It never will be. No revolution is. Every generation makes the world. The task will never be complete.

And that is both a terrible and wonderous thing.

Veronica Kaye

This is Baby Doll

TAP Gallery until Oct 13

Heart Dot Com

9 Oct

I’m not much interested in romantic love.

And I’m not a reviewer.

I write about what plays make me think and feel.

I’m not particularly keen on evaluation. Sure, there’s a place for it. But it smacks of the early stages of a relationship. Before real love develops.

Heart Dot Com deals exactly with that stage.  The ‘desperately hoping someone will find us lovable’ stage. There’s much humour in this – and the deepest of all sadnesses.

And it’s all wonderfully distilled in this multi-artist project. Writers Luke Carson, Ellana Costa, Jasper Marlow, Katie Pollock and Alison Rooke have created characters who itch with desire and ache with loneliness.

From her extraordinary ensemble (Felix Gentle, Paul Hooper, Madeleine Jones, Tim Reuben and Randa Sayed) director Olivia Satchell elicits performances that are both funny and moving. And Satchell’s staging is beautiful – simple and poignant, and the final image is an affecting portrait of shared isolation.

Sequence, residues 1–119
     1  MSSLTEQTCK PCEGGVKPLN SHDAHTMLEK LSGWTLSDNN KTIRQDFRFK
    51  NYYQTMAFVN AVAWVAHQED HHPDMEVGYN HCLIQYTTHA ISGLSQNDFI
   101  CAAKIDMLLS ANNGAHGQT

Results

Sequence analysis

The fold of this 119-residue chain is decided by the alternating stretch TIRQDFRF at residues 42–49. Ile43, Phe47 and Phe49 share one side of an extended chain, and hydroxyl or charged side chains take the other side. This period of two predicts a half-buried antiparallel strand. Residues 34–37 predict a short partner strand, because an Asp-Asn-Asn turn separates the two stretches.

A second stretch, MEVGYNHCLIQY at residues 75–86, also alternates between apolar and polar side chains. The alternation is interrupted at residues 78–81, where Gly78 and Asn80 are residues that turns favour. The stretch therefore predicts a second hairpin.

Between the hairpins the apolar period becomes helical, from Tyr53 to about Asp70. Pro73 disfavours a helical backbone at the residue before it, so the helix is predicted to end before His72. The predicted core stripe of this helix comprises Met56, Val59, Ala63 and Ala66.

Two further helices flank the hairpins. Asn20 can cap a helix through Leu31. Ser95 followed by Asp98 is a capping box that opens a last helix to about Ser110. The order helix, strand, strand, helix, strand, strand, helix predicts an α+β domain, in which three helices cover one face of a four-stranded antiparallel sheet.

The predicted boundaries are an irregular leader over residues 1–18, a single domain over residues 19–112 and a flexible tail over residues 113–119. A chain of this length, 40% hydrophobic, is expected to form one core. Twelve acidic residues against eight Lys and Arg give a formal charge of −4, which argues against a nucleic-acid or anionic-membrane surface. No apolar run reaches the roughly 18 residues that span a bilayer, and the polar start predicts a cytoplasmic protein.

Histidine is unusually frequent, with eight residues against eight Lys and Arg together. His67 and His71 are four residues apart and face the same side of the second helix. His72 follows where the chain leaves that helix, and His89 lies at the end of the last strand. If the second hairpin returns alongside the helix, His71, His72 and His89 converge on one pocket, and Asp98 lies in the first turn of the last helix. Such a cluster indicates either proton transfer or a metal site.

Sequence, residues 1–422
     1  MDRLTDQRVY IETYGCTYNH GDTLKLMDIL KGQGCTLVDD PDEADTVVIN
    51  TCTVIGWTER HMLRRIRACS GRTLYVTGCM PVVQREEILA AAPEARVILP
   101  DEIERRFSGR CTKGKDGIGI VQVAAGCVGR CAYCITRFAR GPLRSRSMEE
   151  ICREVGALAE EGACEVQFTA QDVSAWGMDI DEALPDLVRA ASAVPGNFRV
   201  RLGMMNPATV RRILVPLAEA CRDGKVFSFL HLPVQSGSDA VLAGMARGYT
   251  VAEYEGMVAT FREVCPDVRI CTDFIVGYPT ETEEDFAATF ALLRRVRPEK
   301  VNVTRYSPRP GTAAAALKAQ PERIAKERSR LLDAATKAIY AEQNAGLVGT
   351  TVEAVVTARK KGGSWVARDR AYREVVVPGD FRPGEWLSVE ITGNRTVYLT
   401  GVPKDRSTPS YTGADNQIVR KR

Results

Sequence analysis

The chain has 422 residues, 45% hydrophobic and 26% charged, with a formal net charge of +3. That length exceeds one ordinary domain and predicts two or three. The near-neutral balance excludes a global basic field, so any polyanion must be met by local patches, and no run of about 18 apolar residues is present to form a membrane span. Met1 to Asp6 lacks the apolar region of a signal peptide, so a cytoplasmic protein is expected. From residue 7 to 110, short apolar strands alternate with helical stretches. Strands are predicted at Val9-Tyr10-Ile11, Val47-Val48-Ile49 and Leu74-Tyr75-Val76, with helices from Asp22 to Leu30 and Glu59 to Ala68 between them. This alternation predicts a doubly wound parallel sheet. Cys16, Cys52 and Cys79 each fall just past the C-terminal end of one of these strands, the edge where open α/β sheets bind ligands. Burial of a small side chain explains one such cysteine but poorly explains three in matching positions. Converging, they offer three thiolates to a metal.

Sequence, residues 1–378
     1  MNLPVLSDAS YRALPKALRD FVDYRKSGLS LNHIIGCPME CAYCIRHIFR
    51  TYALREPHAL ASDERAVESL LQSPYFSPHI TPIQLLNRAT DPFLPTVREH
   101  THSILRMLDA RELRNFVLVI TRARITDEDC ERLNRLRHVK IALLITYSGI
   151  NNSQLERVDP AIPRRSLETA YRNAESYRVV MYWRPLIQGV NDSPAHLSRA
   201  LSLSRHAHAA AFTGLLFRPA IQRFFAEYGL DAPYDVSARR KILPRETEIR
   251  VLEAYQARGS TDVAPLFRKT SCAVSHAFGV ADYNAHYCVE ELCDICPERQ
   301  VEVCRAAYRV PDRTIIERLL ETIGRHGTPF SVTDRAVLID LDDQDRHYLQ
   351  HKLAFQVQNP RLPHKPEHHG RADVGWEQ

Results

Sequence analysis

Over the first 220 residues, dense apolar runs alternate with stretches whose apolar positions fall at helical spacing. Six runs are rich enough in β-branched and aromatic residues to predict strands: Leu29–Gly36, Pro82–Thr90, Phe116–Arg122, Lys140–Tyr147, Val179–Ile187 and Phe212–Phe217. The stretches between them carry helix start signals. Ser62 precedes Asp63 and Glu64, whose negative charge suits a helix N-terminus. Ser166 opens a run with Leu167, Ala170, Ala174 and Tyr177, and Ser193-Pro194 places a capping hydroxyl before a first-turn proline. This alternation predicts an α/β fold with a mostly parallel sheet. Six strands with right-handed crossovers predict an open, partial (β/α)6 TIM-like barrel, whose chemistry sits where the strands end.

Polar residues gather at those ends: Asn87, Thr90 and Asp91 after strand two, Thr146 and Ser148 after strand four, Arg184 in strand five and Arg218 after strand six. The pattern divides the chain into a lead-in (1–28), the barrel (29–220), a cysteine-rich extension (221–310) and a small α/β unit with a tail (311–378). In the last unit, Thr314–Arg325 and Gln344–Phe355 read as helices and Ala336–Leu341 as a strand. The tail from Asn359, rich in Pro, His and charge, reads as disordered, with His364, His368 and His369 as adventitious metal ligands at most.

Ok, despite my initial statement, there does seem to be an awful lot of evaluation in this response.

Or is it just affection? Affection for a piece that explores what just might be a universal – the desire to be loved.

I’m not much interested in romantic love.

It won’t save us.

Real love is the connection with all beings, and the wish to limit their pain and help them flourish. It proceeds from the realisation of the strength of their desires and, as a result, the depth of their vulnerability.

And theatre like this is the perfect place to rekindle – or begin – that real love affair.

Veronica Kaye

Heart Dot Com

TAP Gallery until Oct 14